Chancellor Holden Thorp ’86, in an interview Thursday with The News & Observer, said he had learned about two months ago that then-head football coach Butch Davis had offered Davis’ son, Drew, a football scholarship without consulting with Thorp or Athletics Director Dick Baddour ’66.
“I was disappointed that neither the athletic director nor I knew about that,” Thorp told The N&O. Thorp did not elaborate on how he learned of the scholarship offer. Also on Aug. 4, Thorp sent an email to campus colleagues and students explaining his decision to fire Davis and noting that he has asked Faculty Chair Jan Boxill to form a faculty committee to consider changes or improvement to the University’s honor system. His email did not mention Davis’ son.
On Friday, Thorp said that, in acknowledging the scholarship offer in his interview with The N&O, he had committed an NCAA secondary violation. “Yesterday I honestly answered a specific question asked by a reporter about a scholarship offer to a prospective student-athlete,” Thorp said in a statement released by UNC, according to The N&O. “I am advised that acknowledging the scholarship offer was an NCAA Level II Secondary violation, which I regret. In accordance with NCAA policy the University has voluntarily reported this to the ACC.”
The NCAA describes secondary violations as “isolated or inadvertent in nature.” NCAA rules prohibit discussion of possible recruits who have not signed letters of intent. Davis’ son, a senior at East Chapel Hill High School, has not signed a letter of intent.
Davis had issued a statement Thursday, according to The N&O, saying that he was “disappointed Chancellor Thorp has chosen to mention our son publicly as a part of his explanation for the decision to terminate my job.” Davis said that he had first heard of concerns about the recruiting of his son to UNC on July 22. He added that his son already had decided that, if he were to come to UNC, he would “do so as a walk-on in order to give someone else a scholarship opportunity to make the team.” Davis said that he and his wife also had decided to contribute a scholarship through the Carolina Family Scholarship fund, which provides need-based tuition scholarships to the children of qualifying Carolina employees who wish to attend any of the 16 UNC System campuses or community colleges in North Carolina.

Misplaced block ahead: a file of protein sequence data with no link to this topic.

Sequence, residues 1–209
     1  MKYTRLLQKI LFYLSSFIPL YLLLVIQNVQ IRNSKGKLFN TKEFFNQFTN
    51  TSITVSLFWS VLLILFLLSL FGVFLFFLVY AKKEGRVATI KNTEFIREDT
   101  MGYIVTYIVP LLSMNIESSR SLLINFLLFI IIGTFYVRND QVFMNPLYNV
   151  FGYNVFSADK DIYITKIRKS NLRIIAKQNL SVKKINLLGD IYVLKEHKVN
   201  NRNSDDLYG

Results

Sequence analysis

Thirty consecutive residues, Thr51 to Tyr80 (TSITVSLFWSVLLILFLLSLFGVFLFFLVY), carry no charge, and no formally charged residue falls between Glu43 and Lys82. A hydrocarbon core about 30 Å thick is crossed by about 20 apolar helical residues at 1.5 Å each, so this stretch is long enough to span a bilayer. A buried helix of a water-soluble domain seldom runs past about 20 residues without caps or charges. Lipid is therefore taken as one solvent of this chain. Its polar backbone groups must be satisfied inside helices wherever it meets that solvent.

Thorp told The N&O: “Drew is a good kid and I feel bad for him in all this … and for all I know, we would love to have him on the football team. But with everything going on, it would be good for the athletic director and the coach to talk about that and probably for all three of us to talk.”
Three of the allegations in the NCAA’s Notice of Allegations involved former tutor Jennifer Wiley ’09, who also was hired by Davis as a tutor for his son. Wiley has been accused of providing extra benefits worth about $3,500 to players in the form of expenses for travel ($150) and parking ($1,789) and for tutoring ($1,562); committing academic fraud; and refusing to provide information to the NCAA and to UNC.
Thorp came in for heavy criticism in the days after Davis was fired, and a “fire Thorp” website soon surfaced. On Aug. 8, a group of lawyers, all alumni, filed a request for records of Thorp’s communications with some UNC officials. The group said it represented “a group of investors who, over the last year, invested considerable amounts of money in the Kenan Stadium end zone expansion project known as the ‘Blue Zone.’ ” One of the lawyers, Donald Brown ’82, told The N&O that his clients were “furious” about the timing of the firing and that they had invested based on Davis remaining as the coach.
On Aug. 12, UNC President Tom Ross ’75 (JD) and UNC Board of Governors Chair Hannah Gage ’75 today released a joint statement:
“The President and the UNC Board of Governors reaffirm our full support of Chancellor Holden Thorp’s leadership. The Board heard from Chancellor Thorp [Aug. 11] about issues related to the NCAA investigation of the UNC-Chapel Hill football program and his recent decision to remove the head football coach. We are well aware that there are some alumni and other friends of UNC-Chapel Hill who strongly support the decision to make a coaching change, some who vehemently oppose it, and others who support the decision, but not its timing. We also know that making difficult and unpopular decisions comes with the job of being a university chancellor, and that Chancellor Thorp is committed to doing everything possible to maintain both academic integrity and athletic success at Carolina. We are confident the two can co-exist. We are also confident that the many positive initiatives and innovations being carried out under his leadership will ensure that UNC-Chapel Hill remains one of America’s premier public universities.”